Music shines in new installment from Okkervil River

<i>The Stand Ins</i>: no 'sad-bastardyness' here. Courtesy of Jagjaguwar

Okkervil River's The Stage Names was a fantastic concept album. It carried out the backstage musical idea cohesively and near flawlessly while lacing in enough subtle indie-rock, industry references and meta-music introspection to keep the Pitchforks of the world swooning for several fortnights. They just forgot about one thing: the music.

Sure, as with anything frontman Will Sheff touches, nearly all of the individual tracks felt like they could have worked as a beautifully intricate set of poetry or smaller parts in a larger piece of fiction. But outside of the epic roller-coaster journey through "Our Life Is Not A Movie Or Maybe" and the driving force of "Unless It's Kicks" there just wasn't much left to captivate. The album still had a half hour left of music that seemed to reach new sonic levels of sad-bastardyness (even for Sheff) that a teenage Conor Oberst would be proud of. If nothing else, the album provides the world (and by world, I probably mean some overambitious comparative literature-music major writing his thesis at Brown) with the defining piece of art in the must-something-be-tangibly-good-or-enjoyable-to-be-brilliant thesis.

The second installment in this motif, The Stand Ins, sees Sheff and the boys right this wrong. Although the cohesiveness of the concept as a whole suffers slightly this time around, the music itself seeps through the intricate themes to absolutely shine.

Once again, the album starts off with a couple of gems. Following the first of three brief instrumental interludes (assumedly serving as the musical intermissions to the "show"), the simple chords to the seemingly inauspicious "Lost Coastlines" begin its buildup. This track, which to all of our great relief proves Sheff can still mix mariner metaphors and intensely personal band inner workings ("Cause who said sailing is fine?/Leaving behind all the faces that I might replace if I tried on that long ride/Looking deep inside, but I don't want to look so deep inside yet") into the same stanza seamlessly. And the song becomes simultaneously disturbing and moving when the vocals of former member and current Shearwater wunderkind Jonathan Meiburg are added into the equations, shifting the song from one of the more effective "behind the music" ballads depicting the backstage turmoil of a band to an eerily cautionary tale of nonfiction.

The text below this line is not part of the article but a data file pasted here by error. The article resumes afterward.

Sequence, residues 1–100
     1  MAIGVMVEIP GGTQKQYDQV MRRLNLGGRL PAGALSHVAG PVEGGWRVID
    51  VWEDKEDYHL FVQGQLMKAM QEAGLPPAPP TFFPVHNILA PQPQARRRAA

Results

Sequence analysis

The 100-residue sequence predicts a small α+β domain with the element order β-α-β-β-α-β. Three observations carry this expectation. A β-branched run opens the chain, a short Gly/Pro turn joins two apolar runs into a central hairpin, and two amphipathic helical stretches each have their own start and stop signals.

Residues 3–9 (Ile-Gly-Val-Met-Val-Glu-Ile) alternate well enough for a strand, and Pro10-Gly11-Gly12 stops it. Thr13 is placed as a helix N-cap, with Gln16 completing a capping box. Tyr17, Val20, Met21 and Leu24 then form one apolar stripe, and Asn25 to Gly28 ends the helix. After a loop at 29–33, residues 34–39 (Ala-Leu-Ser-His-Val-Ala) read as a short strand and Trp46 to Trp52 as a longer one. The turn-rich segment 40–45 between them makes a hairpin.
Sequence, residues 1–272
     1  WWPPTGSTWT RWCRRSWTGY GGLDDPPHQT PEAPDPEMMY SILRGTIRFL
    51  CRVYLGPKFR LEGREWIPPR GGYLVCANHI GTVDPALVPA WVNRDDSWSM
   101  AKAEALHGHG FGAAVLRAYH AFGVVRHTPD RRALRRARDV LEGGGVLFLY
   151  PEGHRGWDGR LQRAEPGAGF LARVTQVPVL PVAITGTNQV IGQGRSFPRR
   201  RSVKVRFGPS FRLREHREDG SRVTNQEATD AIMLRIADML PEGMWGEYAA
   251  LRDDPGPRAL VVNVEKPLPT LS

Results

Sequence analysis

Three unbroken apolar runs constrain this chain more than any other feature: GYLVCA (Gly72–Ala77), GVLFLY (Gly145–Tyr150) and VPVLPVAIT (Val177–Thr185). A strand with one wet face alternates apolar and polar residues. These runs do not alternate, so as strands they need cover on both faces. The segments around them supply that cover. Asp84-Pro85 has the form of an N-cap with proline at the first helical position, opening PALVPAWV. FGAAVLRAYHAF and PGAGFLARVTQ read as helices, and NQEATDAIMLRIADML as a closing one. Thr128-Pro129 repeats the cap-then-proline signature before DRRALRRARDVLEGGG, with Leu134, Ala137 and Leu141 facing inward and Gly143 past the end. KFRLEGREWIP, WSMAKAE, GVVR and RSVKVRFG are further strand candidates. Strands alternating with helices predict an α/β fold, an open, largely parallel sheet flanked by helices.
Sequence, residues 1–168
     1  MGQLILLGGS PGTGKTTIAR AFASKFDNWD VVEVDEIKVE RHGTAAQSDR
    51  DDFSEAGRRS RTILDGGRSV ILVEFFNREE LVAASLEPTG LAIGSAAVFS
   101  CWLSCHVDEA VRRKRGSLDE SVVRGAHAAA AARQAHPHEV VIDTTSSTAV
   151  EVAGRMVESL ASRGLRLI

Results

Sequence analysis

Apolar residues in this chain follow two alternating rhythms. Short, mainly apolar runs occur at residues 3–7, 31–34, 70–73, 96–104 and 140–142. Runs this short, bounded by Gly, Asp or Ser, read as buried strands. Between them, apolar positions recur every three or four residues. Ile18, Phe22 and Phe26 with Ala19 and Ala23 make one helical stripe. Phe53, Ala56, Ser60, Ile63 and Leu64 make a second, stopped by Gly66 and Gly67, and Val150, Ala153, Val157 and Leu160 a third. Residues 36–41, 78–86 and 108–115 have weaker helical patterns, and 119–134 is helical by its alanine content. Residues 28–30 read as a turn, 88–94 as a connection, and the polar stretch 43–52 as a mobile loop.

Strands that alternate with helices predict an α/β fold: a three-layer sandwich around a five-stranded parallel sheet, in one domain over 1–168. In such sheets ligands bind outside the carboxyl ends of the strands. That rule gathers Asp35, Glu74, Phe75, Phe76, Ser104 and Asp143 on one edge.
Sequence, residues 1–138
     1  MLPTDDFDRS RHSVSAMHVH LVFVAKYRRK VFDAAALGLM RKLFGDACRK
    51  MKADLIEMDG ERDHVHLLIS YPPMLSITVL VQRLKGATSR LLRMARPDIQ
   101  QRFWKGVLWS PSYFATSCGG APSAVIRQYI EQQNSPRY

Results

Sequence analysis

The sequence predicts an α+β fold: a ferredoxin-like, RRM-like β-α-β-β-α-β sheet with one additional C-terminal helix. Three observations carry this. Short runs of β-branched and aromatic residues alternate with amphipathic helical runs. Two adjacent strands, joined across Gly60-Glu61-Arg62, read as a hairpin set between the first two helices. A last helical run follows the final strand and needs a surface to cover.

Another strength in this second chapter is the sense that even the tracks most directly related to the larger theme have the power to stand on their own. Even the musical interludes seem fitting and well placed. As for the songs themselves, "Pop Lie" is a parody of the craft of writing pop songs solely for the sake of the sing-along hook ("All sweetly sung and succinctly stated/Words and music you calculated/To make you sing along/With your stereo on/As you stand in your shorts on your lawn"). And though its catchiness is obviously part of the joke, that doesn't make it any less clever and enjoyable.

Next, "On Tour With Zykos" turns a concept (essentially: groupies) that has historically walked a line somewhere between cliché, inhumane and misogynistic into a sullen but impressively realistic and poetic portrait ("I am discussed with desire by the guys who conspire at the only decent bar in town/And they drink MGDs/And they wish they had me like I wish I had fire/What a sad way to be").

The accompanying video project Okkervil River released in conjunction with this album seems to effectively point out key strengths of this album. The project sees several indie-folk all-stars such as Bon Iver and Carl "A.C." Newman "standing in" for the band on the album tracks and singing their own version of the songs.

This interesting experiment proves two things. First, it proves that these songs are universal enough to be effective when sung by artists vastly different from Sheff. But it also proves that only Sheff can fully bring out the complexities and poetic melancholies of his music. And when these two concepts come together as one in The Stand Ins, Okkervil River truly flourishes.

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